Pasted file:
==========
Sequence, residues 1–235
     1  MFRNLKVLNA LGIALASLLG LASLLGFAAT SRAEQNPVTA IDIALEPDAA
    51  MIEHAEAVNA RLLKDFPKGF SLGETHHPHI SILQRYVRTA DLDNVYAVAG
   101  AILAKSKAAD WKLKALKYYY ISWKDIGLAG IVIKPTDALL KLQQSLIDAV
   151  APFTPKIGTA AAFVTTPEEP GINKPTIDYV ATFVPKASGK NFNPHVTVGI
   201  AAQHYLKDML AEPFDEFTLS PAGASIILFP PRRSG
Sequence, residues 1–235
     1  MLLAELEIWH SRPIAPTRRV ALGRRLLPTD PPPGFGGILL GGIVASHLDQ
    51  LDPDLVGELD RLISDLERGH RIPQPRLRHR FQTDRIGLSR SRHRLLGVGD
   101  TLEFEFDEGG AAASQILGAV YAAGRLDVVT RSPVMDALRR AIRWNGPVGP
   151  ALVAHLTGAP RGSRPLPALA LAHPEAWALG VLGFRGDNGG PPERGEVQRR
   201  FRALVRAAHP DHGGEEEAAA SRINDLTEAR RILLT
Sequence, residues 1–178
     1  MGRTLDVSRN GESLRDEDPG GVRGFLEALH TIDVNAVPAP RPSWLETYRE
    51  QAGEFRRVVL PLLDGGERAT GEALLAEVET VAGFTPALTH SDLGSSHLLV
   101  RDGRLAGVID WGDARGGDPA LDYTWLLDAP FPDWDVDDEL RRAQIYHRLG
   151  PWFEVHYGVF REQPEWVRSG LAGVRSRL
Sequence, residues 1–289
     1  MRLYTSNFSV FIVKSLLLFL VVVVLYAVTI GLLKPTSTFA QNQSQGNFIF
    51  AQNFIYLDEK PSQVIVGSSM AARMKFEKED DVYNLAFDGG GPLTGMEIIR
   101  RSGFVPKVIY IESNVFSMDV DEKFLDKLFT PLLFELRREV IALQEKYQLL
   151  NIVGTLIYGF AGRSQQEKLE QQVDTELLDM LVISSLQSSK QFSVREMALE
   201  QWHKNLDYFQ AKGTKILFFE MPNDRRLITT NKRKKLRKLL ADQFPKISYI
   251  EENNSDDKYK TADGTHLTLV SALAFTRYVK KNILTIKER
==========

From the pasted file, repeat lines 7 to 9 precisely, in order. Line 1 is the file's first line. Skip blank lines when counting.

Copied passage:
Sequence, residues 1–235
     1  MLLAELEIWH SRPIAPTRRV ALGRRLLPTD PPPGFGGILL GGIVASHLDQ
    51  LDPDLVGELD RLISDLERGH RIPQPRLRHR FQTDRIGLSR SRHRLLGVGD